“One thing you can be sure about in life: just when you think that things are never ever going to get better, they suddenly get worse.”
This is a reference from British television, but in the United States, it has applied to the New York Jets for a long time.
As such, it was difficult to envisage anything other than a painful ending to the Jets’ Week 4 game with the Pittsburgh Steelers, which saw Zach Wilson – returning from a preseason knee injury that once looked as if it would end his 2022 campaign before it started – given three minutes and 35 seconds to drive his team down 65 yards for a game-winning touchdown.
The fact he succeeded in doing so and the manner in which he achieved that feat suggests head coach Robert Saleh may soon be able to start pulling out the receipts he so emphatically referenced in response to criticism of his team following a lopsided season-opening 24-9 loss to the Baltimore Ravens.
Wilson’s raw numbers – a completion percentage of 50, 252 passing yards, one touchdown and two interceptions – along with a well-thrown percentage of 77.4 (below the average of 79 for the week) do not illustrate an overly impressive performance from a quarterback the franchise is hoping and praying will make the leap in his second year in the NFL.
And in many ways, Wilson’s display was a “greatest hits” of everything that makes observers doubt his ability to succeed at the highest level. He struggled under pressure, missed throws, attempted dangerous desperate heaves and, unsurprisingly, committed turnovers that might have proved backbreaking on another day.
Yet Wilson never lost the confidence he exuded on the Jets’ first touchdown drive, which saw him hit Elijah Moore on a perfectly timed deep comeback and go back to the same receiver on the deep dig before he then caught the ball for the score from Braxton Berrios on a trick play he celebrated with the Griddy Dance.
There was both grit and that same confidence on display as Wilson then led the Jets on successive touchdown drives to turn around a 20-10 deficit and secure the victory.
He hit Corey Davis in stride on fourth down to keep the first of those drives alive before connecting with Davis again on the whip route for a five-yard touchdown after a succession of red-zone penalties threatened to stall the Jets’ progress.
Wilson was six for six passing on the final drive, producing another pinpoint downfield throw to Davis to help set up Breece Hall’s two-yard touchdown run to stun a Steelers crowd ready to crown Kenny Pickett as their savior after he replaced Mitchell Trubisky at halftime.
Both Wilson and the Jets still have a long way to go. The downs that came with the critical ups in this game reiterated as much. Yet his showing also demonstrated how effective he could become with a talented supporting cast around him.
The Jets’ offensive line has been hit by injuries, but between Hall, Davis, Moore and standout rookie Garrett Wilson, last year’s second overall pick has the skill position players around him to make significant strides in 2022.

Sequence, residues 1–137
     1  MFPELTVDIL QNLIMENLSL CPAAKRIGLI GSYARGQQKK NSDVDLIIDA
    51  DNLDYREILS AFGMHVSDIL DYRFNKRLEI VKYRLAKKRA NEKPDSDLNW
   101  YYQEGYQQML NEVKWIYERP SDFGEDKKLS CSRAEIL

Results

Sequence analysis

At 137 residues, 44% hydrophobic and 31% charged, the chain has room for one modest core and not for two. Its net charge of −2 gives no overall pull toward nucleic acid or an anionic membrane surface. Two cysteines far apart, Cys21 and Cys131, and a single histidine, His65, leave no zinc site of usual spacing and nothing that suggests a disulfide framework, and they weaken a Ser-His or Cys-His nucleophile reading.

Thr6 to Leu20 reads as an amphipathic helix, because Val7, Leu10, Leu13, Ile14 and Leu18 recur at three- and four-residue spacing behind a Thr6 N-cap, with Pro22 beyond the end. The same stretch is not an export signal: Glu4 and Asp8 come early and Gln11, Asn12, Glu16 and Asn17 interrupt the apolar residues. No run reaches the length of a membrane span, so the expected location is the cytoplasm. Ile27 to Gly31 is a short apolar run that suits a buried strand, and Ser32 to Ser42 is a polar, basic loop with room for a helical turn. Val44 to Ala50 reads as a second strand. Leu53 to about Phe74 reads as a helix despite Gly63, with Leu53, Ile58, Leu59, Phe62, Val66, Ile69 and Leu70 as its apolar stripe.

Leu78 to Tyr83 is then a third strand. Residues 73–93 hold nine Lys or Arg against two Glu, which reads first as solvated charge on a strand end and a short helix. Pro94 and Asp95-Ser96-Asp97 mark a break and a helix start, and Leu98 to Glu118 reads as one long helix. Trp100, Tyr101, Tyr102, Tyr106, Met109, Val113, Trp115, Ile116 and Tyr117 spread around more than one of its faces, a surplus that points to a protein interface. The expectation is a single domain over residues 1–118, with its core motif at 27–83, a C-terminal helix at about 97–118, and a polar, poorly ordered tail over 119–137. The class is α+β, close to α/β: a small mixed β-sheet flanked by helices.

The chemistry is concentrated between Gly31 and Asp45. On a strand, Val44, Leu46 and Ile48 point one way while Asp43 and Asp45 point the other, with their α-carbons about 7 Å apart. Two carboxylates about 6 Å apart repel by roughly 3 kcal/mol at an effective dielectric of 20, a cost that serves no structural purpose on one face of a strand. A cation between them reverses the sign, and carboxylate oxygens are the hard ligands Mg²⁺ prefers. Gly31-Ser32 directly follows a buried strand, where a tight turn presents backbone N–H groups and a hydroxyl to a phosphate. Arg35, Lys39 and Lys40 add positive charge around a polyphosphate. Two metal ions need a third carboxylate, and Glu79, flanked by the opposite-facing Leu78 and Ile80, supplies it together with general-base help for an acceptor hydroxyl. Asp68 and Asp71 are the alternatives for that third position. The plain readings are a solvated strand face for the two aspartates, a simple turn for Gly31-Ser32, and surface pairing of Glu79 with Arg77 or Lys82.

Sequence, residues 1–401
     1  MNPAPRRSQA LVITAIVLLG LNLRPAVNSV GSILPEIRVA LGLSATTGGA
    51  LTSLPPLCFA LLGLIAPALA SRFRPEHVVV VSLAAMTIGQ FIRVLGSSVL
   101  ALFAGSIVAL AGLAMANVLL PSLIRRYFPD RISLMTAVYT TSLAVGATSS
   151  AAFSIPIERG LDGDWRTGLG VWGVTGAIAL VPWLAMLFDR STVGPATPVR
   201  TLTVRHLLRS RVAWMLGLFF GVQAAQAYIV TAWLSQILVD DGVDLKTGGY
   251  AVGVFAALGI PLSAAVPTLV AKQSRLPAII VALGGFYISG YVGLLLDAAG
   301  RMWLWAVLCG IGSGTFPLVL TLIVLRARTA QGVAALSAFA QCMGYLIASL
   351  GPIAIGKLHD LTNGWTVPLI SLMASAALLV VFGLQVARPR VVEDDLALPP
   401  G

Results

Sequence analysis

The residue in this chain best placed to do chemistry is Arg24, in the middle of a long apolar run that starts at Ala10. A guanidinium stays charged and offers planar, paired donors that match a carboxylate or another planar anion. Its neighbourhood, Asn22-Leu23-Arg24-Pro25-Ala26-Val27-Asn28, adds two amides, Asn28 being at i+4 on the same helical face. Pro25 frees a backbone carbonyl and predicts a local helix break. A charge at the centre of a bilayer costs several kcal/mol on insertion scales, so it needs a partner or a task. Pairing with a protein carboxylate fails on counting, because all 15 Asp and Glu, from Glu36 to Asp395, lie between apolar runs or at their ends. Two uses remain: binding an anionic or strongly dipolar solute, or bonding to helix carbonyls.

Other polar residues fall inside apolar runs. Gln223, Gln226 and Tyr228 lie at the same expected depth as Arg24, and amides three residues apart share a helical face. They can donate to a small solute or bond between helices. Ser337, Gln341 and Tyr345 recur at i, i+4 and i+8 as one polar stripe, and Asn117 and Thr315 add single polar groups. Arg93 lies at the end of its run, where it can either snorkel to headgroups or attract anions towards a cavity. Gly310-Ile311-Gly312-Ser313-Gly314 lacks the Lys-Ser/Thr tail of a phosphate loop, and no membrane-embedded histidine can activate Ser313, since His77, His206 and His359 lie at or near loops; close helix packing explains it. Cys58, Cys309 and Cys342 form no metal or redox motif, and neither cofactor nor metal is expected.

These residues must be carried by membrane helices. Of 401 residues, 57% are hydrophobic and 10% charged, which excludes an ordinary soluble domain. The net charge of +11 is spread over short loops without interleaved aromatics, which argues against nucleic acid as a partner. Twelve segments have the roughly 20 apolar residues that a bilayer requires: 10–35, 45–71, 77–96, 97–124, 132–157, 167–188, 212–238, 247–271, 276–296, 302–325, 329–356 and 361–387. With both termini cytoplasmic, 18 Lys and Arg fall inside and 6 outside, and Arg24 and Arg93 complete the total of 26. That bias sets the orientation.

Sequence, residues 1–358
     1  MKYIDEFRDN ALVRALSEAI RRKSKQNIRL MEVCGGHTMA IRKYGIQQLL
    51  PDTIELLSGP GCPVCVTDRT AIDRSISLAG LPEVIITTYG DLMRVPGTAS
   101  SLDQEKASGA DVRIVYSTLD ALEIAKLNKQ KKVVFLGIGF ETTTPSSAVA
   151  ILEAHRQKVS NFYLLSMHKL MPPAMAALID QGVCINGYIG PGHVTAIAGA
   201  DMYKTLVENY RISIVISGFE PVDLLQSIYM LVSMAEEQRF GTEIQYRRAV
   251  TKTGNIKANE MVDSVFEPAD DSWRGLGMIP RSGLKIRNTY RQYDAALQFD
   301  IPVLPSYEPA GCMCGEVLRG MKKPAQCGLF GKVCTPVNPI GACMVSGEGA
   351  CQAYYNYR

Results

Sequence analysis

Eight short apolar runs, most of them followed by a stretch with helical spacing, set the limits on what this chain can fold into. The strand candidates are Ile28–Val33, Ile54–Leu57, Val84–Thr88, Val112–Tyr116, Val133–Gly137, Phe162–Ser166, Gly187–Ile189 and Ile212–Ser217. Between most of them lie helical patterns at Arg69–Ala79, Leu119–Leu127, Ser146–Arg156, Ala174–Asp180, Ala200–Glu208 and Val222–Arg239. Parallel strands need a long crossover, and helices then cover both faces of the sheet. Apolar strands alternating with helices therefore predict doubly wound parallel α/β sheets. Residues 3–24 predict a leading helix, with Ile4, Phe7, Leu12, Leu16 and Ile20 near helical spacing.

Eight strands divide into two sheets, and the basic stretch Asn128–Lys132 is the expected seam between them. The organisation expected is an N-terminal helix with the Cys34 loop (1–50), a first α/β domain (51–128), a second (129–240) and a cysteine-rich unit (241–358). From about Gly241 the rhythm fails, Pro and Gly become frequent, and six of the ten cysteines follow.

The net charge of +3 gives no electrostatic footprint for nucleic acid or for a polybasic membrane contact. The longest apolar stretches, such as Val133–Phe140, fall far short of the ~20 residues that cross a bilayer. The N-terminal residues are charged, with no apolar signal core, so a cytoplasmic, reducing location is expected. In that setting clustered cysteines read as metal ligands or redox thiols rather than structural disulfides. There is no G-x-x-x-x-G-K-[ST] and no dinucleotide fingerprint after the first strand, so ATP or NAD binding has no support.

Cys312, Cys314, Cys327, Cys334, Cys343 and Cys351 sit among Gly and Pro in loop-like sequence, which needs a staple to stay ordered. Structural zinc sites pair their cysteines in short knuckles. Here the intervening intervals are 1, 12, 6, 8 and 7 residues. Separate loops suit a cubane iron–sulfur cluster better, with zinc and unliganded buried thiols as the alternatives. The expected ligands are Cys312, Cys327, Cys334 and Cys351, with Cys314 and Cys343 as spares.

Garrett Wilson (two receptions for 41 yards) was kept relatively quiet by his early-season standards, but Davis (five for 74 yards and a touchdown) and Moore (three for 53 yards) shone when it mattered for the Jets, while Hall’s 66-yard effort contained flashes of the upside on the ground that convinced the Jets to take him in the second round.
A big-ticket signing in free agency last year, Davis is repaying the Jets’ investment in him by registering a burn, which is when a receiver wins his matchup with a defender on a play where he is targeted, on 18 of his 24 targets. His burn rate of 75% is the best among receivers with at least 20 targets. He also leads all wideouts in burn yards per target (17.16) and big-play rate (56.1%).
Garrett Wilson is averaging 3.7 burn yards per route, well above the average of 3.0, and all three of the Jets’ top trio of wideouts have double-digit receptions for first downs. Davis has racked up 13, Garrett Wilson has 12 and Moore 10. Hall, meanwhile, is averaging 4.7 yards per attempt and has put up 3.24 yards before contact per rush (the average for backs with at least 10 attempts is 2.51), showing burst that was doubted by some draftniks prior to his selection by the Jets.
On the other side of the ball, however, there are still doubts about a defense that has allowed 12 offensive touchdowns, tied for the third-most in the NFL, even after a performance in which they picked off Trubisky once and Pickett three times.
While the Steelers were missing star edge rusher T.J. Watt and dealing with subpar play at quarterback, a win on the road in Pittsburgh is one that should instill confidence in the ecosystem and in Wilson.
Games against the Miami Dolphins, Green Bay Packers and Denver Broncos present a challenging immediate road ahead for Wilson but after his fourth-quarter heroics in Pittsburgh, there is room for confidence that this time, with this quarterback and this surrounding cast, things will finally get better for the Jets.
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